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Securing a construction contract isn’t as easy as applying for a job at your local McDonald’s. Companies request bids from potential contractors to help them find the perfect team for the job. What are the five steps of the bidding process in construction, and how can you improve your chances of landing the ideal bid?
What Is a Bid?
Before we start breaking down the process, what exactly is a bid?
At their most basic, bids are offers provided to the client or customer detailing what you’re able to do, as well as a timetable and price. You need to estimate the overall cost while still maintaining a profit and have a good idea of how long it will take you to finish the project. Once the bid gets accepted, you’re expected to honor that deadline and could find yourself losing potential customers if you are constantly unable to complete projects on time.
The Five Steps of the Bidding Process
We can break the bidding process down into five general steps, though the exact details may vary depending on the client’s requirements. Here’s how it works:
Step one is just research, planning and preparing yourself to start putting out bids. You need to understand your team’s capabilities so you can submit accurate bids that you can accomplish should you secure the contract. You’ll also want to research the company you’re submitting to, in case they require specific information that you might not include in a typical bid.
Your next step is to prepare your bid. What you’re doing here is essentially creating a customized business plan for one specific job. Detail everything from the amount of time it will take you to complete the job to the price you’ll charge. Don’t undercut yourself in an attempt to be the lowest bidder. The goal here isn’t to be the cheapest option — it’s to be the best option.
Step three is to submit the bid. The details of this will depend on what your potential client wants. Some might want bids delivered in person, while others might only look at bids that arrive in their dedicated email inbox. Occasionally, you might even find one who wants their bid delivered by Morse code or smoke signals, but thankfully, these are few and far between.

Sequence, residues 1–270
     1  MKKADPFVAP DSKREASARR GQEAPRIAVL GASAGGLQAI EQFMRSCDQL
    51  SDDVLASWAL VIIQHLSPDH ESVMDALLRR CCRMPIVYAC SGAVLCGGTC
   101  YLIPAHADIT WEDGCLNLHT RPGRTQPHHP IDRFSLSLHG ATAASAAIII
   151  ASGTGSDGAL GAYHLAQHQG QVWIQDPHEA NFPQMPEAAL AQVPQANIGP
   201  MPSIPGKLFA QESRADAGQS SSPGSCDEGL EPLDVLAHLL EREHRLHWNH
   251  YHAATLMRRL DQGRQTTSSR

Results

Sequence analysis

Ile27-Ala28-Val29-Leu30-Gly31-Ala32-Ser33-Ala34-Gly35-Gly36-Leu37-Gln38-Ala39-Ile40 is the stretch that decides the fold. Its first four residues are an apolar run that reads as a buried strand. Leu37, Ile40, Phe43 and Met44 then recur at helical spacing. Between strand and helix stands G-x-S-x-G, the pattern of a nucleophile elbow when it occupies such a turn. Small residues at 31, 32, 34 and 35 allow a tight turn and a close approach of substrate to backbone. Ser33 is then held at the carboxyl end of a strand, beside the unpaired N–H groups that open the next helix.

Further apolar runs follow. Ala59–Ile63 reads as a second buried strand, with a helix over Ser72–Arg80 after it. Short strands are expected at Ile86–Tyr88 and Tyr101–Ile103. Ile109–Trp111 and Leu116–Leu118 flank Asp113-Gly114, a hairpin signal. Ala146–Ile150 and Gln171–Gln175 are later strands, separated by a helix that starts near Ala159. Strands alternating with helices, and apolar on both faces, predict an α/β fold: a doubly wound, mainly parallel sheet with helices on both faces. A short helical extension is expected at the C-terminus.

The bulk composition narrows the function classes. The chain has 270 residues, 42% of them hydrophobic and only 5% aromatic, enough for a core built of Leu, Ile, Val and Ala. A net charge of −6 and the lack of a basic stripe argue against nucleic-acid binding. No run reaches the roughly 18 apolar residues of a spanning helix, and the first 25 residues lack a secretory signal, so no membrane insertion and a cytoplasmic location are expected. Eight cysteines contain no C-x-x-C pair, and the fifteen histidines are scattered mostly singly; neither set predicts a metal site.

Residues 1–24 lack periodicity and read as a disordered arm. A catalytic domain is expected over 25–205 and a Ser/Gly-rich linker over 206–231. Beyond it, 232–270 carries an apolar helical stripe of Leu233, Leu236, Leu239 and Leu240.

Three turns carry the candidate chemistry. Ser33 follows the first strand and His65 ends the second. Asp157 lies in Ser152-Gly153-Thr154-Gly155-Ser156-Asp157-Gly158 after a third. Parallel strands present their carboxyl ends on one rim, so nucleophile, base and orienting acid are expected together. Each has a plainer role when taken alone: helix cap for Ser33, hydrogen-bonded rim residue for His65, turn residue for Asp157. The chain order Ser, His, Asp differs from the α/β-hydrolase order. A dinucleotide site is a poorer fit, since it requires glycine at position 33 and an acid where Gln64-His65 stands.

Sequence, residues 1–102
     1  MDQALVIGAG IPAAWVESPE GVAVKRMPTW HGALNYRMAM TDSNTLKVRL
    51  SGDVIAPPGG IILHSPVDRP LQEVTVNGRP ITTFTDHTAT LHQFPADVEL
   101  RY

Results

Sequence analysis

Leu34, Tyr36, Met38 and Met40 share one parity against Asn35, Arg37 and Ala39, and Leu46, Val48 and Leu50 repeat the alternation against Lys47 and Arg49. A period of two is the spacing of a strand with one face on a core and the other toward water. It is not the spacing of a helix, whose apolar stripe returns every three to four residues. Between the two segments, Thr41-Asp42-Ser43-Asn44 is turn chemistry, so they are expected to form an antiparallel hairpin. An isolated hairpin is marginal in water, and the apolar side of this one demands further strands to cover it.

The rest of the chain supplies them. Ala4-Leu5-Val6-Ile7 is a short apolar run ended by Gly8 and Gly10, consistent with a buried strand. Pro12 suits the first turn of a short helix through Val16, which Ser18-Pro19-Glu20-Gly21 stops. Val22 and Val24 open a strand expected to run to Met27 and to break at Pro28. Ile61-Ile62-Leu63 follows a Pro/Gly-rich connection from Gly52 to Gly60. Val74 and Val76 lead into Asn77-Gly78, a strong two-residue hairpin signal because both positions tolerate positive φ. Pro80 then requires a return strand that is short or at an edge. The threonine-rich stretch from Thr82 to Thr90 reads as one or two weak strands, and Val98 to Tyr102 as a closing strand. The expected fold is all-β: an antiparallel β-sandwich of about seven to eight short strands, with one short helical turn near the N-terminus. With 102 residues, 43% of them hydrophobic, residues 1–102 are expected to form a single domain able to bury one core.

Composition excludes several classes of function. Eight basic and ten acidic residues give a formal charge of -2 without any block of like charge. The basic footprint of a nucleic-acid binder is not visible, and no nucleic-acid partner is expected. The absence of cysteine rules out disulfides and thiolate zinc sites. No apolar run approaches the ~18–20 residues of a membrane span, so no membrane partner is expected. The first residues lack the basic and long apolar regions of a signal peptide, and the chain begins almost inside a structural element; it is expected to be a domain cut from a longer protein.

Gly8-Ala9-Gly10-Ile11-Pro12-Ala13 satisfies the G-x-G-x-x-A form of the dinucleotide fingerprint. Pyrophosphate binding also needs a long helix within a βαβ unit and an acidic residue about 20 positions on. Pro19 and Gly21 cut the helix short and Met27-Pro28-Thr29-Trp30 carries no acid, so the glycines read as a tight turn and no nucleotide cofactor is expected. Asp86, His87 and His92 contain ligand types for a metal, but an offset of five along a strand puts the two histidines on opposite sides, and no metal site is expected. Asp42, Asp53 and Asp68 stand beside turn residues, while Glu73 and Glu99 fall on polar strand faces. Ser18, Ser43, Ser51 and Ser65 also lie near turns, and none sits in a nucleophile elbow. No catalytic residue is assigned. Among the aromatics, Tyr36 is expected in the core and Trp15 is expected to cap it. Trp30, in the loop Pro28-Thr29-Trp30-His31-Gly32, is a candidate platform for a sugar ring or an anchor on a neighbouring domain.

If a potential client really likes your bid, they may ask you to present it in person. This allows you to meet them face-to-face and negotiate any details the client might want to change. They may ask if this is your final bid. If that comes up, it usually means they like you, but some details might need to change before you can move to the next step.
If everything works out and all the pieces fall into place, the final step is having the contract awarded to your company. This is the ultimate goal of the bidding process in construction. Make sure you find out when they’ll award the contract and, if you secure it, when you’ll be expected to start working. Don’t worry — you’ll have some time to negotiate or at least talk about start times. Most companies won’t expect you to jump to work as soon as they award you the contract.
Improving Your Bid
While submitting bids isn’t necessarily difficult, it can be discouraging in a competitive field like construction. You may think you’re submitting your very best work, only to be repeatedly overlooked by potential clients. What can you do to improve your bid and increase your chances of thriving in the construction industry?
Start by listening to any feedback you get from potential clients. You can request feedback in your bid submission. Pay close attention to it. See where you can improve and figure out what you can leave out so you can keep winning bids without wasting time.
Whether you win or lose a bid, focus on adaptability. You always have to be willing to change your tactics as long as they fit with your company’s values and culture. Always focus on improvement. Shed things that don’t work and replace them with things that do.
Thriving in the Construction Industry
The construction industry is incredibly competitive, but with enough preparation, you can thrive. Focus on learning the ins and outs of the bidding process in construction, and once you understand the basics, never stop trying to improve.